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Auteur (up) Abgrall, C.; Chauvat, M.; Langlois, E.; Hedde, M.; Mouillot, D.; Salmon, S.; Winck, B.; Forey, E.
Titre Shifts and linkages of functional diversity between above- and below-ground compartments along a flooding gradient Type Article scientifique
Année 2017 Publication Revue Abrégée Funct. Ecol.
Volume 31 Numéro 2 Pages 350-360
Mots-Clés biodiversity; community assembly; community ecology; disturbance; divergence; environmental gradient; feeding guilds; functional traits; microarthropod communities; null models; patterns; plant; plant communities; soil collembola; soil-plant interactions; species traits; trait convergence and trait divergence
Résumé 1. Trait-based approaches have the potential to reveal general and predictive relationships between organisms and ecosystem functioning. However, the mechanisms underlying the functional structure of communities are still unclear. Within terrestrial ecosystems, several studies have shown that many ecological processes are controlled by the interacting above-and belowground compartments. However, few studies have used traits to reveal the functional relationships between plants and soil fauna. Mostly, research combining plants and soil fauna solely used the traits of one assemblage in predictive studies. 2. Above-ground (plants) and below-ground (Collembola) compartments were sampled over a flooding gradient in northern France along the Seine River. First, we measured the effect of flooding on functional and taxonomic assembly within both communities. We then considered the linkages between plant and Collembolan species richness, community traits and assessed whether traits of both compartments converged at high flooding intensity (abiotic filtering) and diverged when this constraint is released (biotic filtering). 3. Species richness of both taxa followed the same bell-shaped pattern along the gradient, while a similar significant pattern of functional richness was only observed for plants. Further analyses revealed a progressive shift from trait convergence to divergence for plants, but not for Collembola, as constraints intensity decreased. Instead, our results highlighted that Collembola traits were mainly linked to the variations in plant traits. This leads, within Collembola assemblages, to convergence of a subset of perception and habitat-related traits for which the relationship with plant traits was assessed. 4. Synthesis. Using a trait-based approach, our study highlighted that functional relationships occur between above-and below-ground compartments. We underlined that functional composition of plant communities plays a key role in structuring Collembola assemblages in addition to the role of abiotic variables. Our study clearly shows that functional diversity provides a new approach to link the above-and below-ground compartments and might, therefore, be further considered when studying ecological processes at the interface between both compartments.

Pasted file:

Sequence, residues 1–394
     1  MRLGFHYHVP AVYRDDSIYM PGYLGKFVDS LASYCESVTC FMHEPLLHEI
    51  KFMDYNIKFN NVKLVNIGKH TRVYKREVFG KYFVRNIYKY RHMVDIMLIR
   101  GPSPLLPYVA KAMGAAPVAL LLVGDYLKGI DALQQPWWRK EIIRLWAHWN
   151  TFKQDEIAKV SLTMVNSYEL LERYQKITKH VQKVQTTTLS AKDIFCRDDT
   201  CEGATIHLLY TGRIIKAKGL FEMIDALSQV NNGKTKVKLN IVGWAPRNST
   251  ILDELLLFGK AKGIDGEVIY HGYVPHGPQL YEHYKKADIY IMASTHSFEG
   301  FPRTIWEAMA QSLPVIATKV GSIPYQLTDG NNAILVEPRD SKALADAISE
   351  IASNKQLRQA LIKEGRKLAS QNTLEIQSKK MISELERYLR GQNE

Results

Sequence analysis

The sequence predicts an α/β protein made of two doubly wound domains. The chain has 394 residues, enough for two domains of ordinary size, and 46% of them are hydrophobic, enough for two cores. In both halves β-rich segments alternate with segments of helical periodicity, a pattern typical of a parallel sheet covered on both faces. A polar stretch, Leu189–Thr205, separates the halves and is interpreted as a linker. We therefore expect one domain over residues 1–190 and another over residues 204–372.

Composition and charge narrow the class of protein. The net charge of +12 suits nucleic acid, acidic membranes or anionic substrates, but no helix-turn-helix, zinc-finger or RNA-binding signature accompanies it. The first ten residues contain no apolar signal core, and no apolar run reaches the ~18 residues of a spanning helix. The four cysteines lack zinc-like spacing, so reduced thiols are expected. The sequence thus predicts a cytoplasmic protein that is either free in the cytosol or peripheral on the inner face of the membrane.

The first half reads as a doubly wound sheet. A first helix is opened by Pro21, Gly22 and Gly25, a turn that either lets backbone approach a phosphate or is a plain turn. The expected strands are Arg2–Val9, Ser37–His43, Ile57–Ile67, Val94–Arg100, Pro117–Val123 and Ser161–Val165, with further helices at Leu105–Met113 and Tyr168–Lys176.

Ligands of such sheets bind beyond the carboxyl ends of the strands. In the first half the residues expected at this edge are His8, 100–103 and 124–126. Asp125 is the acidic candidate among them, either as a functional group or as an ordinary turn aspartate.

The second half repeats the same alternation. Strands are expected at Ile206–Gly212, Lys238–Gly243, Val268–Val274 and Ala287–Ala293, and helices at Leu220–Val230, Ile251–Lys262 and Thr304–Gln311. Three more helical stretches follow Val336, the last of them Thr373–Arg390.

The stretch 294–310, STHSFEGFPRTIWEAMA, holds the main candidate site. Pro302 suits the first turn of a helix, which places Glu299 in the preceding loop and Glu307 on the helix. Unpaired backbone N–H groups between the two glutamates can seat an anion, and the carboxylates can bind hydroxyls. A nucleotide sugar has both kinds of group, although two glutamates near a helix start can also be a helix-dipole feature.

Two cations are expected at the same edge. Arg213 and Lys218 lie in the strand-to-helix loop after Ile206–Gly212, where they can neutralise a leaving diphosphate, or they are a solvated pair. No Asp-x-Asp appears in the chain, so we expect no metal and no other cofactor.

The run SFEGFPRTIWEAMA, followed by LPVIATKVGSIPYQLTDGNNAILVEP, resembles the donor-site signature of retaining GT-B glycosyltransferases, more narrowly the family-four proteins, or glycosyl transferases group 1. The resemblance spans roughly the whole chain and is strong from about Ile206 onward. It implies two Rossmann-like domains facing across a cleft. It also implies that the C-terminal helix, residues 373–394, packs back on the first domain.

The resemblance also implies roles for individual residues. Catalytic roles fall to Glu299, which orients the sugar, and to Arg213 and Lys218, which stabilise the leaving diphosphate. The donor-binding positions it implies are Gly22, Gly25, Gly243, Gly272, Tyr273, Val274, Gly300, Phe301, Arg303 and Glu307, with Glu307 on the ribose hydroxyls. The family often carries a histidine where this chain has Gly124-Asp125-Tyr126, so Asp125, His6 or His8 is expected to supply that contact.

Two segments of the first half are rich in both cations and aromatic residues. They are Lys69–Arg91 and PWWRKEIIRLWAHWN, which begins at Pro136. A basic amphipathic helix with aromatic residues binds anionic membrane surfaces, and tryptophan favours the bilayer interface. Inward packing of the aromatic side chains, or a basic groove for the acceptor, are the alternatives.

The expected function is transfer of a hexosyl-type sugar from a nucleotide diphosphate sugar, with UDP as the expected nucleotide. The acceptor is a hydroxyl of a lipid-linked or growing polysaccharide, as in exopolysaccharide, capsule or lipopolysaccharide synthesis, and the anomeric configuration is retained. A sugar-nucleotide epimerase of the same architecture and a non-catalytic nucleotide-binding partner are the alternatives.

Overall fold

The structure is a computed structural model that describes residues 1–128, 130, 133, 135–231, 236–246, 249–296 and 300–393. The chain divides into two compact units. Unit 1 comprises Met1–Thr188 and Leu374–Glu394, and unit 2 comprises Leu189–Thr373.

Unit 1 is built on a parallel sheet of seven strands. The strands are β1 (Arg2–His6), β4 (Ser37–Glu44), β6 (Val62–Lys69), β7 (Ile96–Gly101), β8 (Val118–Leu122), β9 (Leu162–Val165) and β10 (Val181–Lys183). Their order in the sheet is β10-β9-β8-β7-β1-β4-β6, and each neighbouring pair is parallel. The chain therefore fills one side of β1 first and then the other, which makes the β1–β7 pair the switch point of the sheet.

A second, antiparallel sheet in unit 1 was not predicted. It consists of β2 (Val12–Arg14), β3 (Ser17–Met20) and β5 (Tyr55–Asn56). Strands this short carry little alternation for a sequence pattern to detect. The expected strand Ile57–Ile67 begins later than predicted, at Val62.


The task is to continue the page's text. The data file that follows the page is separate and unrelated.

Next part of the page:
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Langue English Langue du Résumé Titre Original
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ISSN 0269-8463 ISBN Médium
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Numéro d'Appel MARBEC @ alain.herve @ collection 2091
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Auteur (up) Albouy, C.; Delattre, V.; Donati, G.; Frolicher, T.L.; Albouy-Boyer, S.; Rufino, M.; Pellissier, L.; Mouillot, D.; Leprieur, F.
Titre Global vulnerability of marine mammals to global warming Type Article scientifique
Année 2020 Publication Revue Abrégée Sci Rep
Volume 10 Numéro 1 Pages 548